Yesterday’s US economic data ranged from a lower than expected PPI to a decent headline but weak underlying NY manufacturing index to above consensus retail sales. Ultimately, markets focused on the latter, allowing yields to recoup some of the previous day’s sharp CPI-driven losses. Treasury yields rose between 7.3 and 8.7 bps, with the belly of the curve outperforming. In an interview with the Financial Times, Fed‘s Daly welcomed the slowdown in price increases but warned against declaring victory over inflation just yet.
A stop-start mentality (announcing the end of the hiking cycle only to reverse course later) would damage credibility, she added. Daly, who votes next year, noted that rate cuts will not happen for a while. German yields rose 2.2-5.7 bps in a steepening. In both regions, however, markets are holding on to the idea that central banks will start cutting rates around mid-2024, with tentative pricing for an even earlier move in either May (Fed) or April (ECB).
Against this backdrop, equity markets have remained resilient despite the rise in yields. It’s all about expectations for a unique soft landing scenario. European stocks rose by 0.55% (EuroStoxx50) and Wall Street by 0.47% (Dow Jones). The trade-weighted U.S. dollar bounced off 104 support to close at 104.38. The EUR/USD gave back a fraction of Tuesday’s massive gains. The pair closed at 1.0848. The Pound slid after a small miss in CPI also sealed the BoE‘s fate in the eyes of the markets. The EUR/GBP rose to 0.8736.
All eyes in the Asian session this morning were on the Biden-Xi meeting, the first face-to-face meeting in a year. Both sides welcomed the progress made, but it had little impact on the markets. The US Senate passed a stopgap funding bill overnight. In doing so, Congress averted the threat of a shutdown this Friday, only to postpone it until early next year.
The perennial debacle is rarely a major issue for the markets. But these last-minute deals highlight the ongoing polarization that several rating agencies (most recently Moody’s) have cited as one of the reasons for downgrading the credit outlook. The economic calendar later today has little to offer other than the weekly U.S. jobless claims. There’s an avalanche of (high-profile) ECB and Fed speeches.
They serve as a wild card for trading. In any case, we don’t think they will be able to dramatically turn the tide on core bond yields. Gravity remains strong for the time being, with the next support for the US 10-year yield coming in at 4.34% and around 2.50% for the German 10-year yield. The dollar remains vulnerable if soft landing bets continue to support equity markets. EUR/USD 1.0945 is the upside reference on the technical charts.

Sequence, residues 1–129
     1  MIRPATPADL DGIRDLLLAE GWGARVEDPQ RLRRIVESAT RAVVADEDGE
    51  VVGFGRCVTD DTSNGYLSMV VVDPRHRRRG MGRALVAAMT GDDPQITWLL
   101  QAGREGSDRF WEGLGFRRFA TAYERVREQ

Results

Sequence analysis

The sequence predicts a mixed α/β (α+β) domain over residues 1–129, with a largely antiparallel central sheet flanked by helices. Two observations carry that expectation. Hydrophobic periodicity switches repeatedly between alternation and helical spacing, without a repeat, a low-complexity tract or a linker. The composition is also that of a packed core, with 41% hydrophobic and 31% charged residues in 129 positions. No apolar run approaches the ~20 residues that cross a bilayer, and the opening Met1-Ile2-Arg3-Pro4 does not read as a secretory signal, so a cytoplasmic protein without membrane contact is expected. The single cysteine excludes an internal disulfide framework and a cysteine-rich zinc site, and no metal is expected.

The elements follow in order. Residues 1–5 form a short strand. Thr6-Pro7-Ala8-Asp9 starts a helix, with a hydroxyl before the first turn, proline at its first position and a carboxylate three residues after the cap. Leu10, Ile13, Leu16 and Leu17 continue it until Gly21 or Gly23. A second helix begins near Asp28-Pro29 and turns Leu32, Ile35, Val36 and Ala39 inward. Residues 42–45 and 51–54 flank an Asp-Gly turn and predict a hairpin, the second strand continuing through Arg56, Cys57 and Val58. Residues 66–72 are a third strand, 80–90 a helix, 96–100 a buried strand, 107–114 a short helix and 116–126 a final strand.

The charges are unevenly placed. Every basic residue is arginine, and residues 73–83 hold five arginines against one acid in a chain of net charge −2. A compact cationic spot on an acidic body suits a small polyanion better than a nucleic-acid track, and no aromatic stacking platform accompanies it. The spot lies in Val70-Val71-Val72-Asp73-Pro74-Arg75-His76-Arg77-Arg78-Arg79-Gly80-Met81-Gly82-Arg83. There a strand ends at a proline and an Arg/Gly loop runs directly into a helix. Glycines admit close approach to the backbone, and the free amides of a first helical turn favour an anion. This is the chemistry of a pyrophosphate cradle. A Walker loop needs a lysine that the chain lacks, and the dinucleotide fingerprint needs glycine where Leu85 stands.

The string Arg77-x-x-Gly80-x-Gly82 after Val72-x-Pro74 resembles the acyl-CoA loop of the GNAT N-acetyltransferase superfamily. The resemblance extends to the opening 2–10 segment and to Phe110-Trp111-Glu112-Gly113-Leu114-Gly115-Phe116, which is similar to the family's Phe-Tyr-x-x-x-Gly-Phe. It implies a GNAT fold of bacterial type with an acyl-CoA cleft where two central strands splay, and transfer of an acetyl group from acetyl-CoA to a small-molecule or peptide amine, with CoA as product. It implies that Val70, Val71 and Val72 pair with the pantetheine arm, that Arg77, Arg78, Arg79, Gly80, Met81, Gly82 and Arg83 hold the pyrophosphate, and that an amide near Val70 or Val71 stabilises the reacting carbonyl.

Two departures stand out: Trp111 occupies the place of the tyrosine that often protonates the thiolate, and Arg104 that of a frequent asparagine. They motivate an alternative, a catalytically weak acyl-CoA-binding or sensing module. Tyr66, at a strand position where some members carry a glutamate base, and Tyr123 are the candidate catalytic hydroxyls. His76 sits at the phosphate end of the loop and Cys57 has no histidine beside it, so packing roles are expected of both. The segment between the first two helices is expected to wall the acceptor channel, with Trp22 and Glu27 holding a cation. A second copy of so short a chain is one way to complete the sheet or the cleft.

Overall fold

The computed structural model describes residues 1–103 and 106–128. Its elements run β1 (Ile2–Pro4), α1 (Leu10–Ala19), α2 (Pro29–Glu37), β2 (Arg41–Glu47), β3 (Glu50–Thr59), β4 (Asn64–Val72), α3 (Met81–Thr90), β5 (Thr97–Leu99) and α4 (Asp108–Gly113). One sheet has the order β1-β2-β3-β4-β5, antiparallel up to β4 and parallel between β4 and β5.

News and Views
The Australian economy added 55,000 jobs in October, according to data from the Australian Bureau of Statistics. Markets were expecting an increase of around 24k. Most of the growth came from part-time jobs (37.9k). However, the reacceleration followed modest job growth in September. In fact, the average gain over the past two months was slightly lower than the average over the past year.
The unemployment rate rose from to 3.7% as the participation rate increased from 66.8% to 67%. Growth in hours worked has slowed recently, pointing to a softening in labor demand. The fact that job growth has been driven mainly by part-time rather than full-time jobs points in the same direction.
In this respect, the strong headline data probably doesn’t call for immediate further action from the Reserve Bank of Australia. The 2-year Australian government bond yield is currently little changed at 4.23%. After yesterday’s rebound, the Aussie Dollar is once again losing the big figure of AUD/USD 0.65. (0.6475).
Czech Central Bank Deputy Governor Jan Frait said in an interview yesterday that he sees external and domestic conditions in favor of lowering borrowing costs. Frait was one of the two MPC members who voted for an initial 25bp rate cut at the November meeting, but didn’t get it.
He admitted that he couldn’t predict when the majority of policymakers would support a cut. He noted that central bankers face a big dilemma as they are “worried about the last mile and whether inflation won‘t get stuck in people’s heads and whether they won’t demand significantly higher wages” that are inconsistent with bringing inflation back to the 2.0% target on a sustainable basis.
Frait said that other MPC members were also cautious at the November meeting as they wanted to assess the extent of traditional price increases in January. Frait sees less of a need for this as the bank should be forward looking. The CNB’s next policy meetings are scheduled for December 21 and February 8 next year.